Of course the NRA will fight this tooth and nail, and it’s not going to get through the Senate, much less the House, in the current environment.

Now check this out. According to a piece at Venture Beat, you can quickly and easily buy guns on Facebook!

Fifteen minutes.

That’s all it takes for children, felons, and people without IDs to buy illegal weapons on Facebook pages dedicated to the sale and celebration of guns.

A VentureBeat investigation has uncovered dozens of pages on Facebook where guns are for sale, including semi-automatic weapons, handguns, and silencers. While the transactions don’t actually happen on Facebook, the social network is a remarkably easy way to find shady people willing to sell you a weapon — no questions asked. The illegal transactions then take place in diners, dark parking lots, and isolated country roads — away from the prying eyes of the feds and local police.

In Kentucky, Greenup County Sheriff Keith Cooper remembers when a call came into dispatch last October saying a 15-year-old student had been arrested on the Greenup County High School campus for carrying an unlicensed and loaded 9mm handgun to school. The boy was arrested and brought to Cooper’s office for an interview.

When Cooper, a former Kentucky State Trooper with a heavy Southern drawl, asked the kid where he got the gun, his reply was shocking: Facebook.

Read it and weep. Oh, and Facebook claims they don’t allow people to sell guns or explosives on their pages, but clearly they’re not enforcing these rules very well.

It’s not news to anyone that America has a love affair with guns. Guns and hunting are part of American culture, going hand-in-hand with the cult of rugged individualism. I’ve always thought it came from the frontier tradition. Most of the country was settled by pioneering who set out from the East coast to begin new lives in the Midwest and West before the arrival of the accoutrements of civilization–like law enforcement, banks, and insurance companies. In my generation at least, kids saw endless movies and TV shows about “cowboys and Indians;” and we played with toy guns–even us girls. And of course, since we were born shortly after World War II, many of us watch movies that glorified war.

Still I’ve never wanted a real gun. It seems to me that the gun culture is much stronger in some ways than in those innocent days of the 1950s and ’60s. But why? The obvious answer is the lobbying and propaganda efforts of the National Rifle Association (NRA). And what about  the recent work of ALEC and the Koch Brothers to get state “stand your ground” laws passed around the country? Dahlia Lithwick has posted a fine piece about this at Slate.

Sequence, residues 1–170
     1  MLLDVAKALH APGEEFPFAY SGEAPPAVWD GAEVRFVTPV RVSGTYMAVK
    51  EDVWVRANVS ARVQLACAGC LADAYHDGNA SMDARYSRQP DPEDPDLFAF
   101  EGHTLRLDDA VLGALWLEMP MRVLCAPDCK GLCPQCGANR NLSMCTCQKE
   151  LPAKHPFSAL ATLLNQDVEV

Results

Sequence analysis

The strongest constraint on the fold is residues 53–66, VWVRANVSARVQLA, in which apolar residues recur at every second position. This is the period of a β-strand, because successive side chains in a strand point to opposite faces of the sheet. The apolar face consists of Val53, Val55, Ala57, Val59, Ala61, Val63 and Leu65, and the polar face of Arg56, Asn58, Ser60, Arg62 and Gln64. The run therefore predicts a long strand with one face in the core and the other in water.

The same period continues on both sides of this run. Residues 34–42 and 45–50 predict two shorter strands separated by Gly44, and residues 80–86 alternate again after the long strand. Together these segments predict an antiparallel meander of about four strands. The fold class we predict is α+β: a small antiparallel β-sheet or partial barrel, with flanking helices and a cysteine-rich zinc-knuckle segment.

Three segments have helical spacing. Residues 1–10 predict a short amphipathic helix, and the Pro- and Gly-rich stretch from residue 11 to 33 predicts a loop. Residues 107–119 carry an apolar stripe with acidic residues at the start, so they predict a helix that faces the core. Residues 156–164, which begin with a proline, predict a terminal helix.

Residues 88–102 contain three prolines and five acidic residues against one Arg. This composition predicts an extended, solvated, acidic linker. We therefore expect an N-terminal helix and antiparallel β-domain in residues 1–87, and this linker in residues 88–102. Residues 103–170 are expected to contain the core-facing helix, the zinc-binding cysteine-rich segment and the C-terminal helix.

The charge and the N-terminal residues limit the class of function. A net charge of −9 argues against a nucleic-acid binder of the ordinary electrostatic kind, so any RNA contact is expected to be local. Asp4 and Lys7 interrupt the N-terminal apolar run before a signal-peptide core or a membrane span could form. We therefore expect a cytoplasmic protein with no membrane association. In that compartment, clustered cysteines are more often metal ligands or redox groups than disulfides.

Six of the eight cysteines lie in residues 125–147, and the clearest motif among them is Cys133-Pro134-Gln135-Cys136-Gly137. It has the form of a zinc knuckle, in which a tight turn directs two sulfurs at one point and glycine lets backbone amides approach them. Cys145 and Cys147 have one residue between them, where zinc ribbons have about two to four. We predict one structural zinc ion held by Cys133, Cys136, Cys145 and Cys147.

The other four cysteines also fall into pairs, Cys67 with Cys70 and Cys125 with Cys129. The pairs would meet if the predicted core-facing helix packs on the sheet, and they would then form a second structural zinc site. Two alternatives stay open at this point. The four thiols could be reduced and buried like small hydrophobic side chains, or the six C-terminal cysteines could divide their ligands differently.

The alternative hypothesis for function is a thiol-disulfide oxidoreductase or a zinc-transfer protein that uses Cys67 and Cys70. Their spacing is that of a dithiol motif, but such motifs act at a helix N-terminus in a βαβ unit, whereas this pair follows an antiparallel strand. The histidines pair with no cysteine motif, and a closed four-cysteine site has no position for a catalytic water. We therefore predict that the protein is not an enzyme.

“Stand Your Ground” Nation: America used to value the concept of retreat. Now we just shoot.

Last week, Kriston Charles Belinte Chee, an unarmed man, got into a fight with Cyle Wayne Quadlin at a Walmart in suburban Arizona. Quadlin opened fire midargument and killed CheeOfficers decided not to charge Quadlin because, they concluded, the killing was in self-defense. According to the police spokesman, “Mr. Quadlin was losing the fight and indicated he ‘was in fear for his life.’” Just a week earlier, a jury in Jacksonville, Fla., found Michael Dunn guilty on four counts of attempted murder but did not convict him on the most serious charge of first-degree murder, in the death of 17-year-old Jordan Davis. Dunn shot and killed Davis, also unarmed, because the music coming from his car was too loud. Dunn claimed he saw something like a gun in the vehicle, and that was apparently enough for some members of the jury to conclude that Dunn hadn’t committed first-degree murder.

Given all this, it’s not unreasonable to argue that, in America, you can be shot and killed, without consequences for the shooter, for playing loud musicwearing a hoodie, or shopping at a Walmart. The question is whether the wave of “stand your ground” legislation is to blame.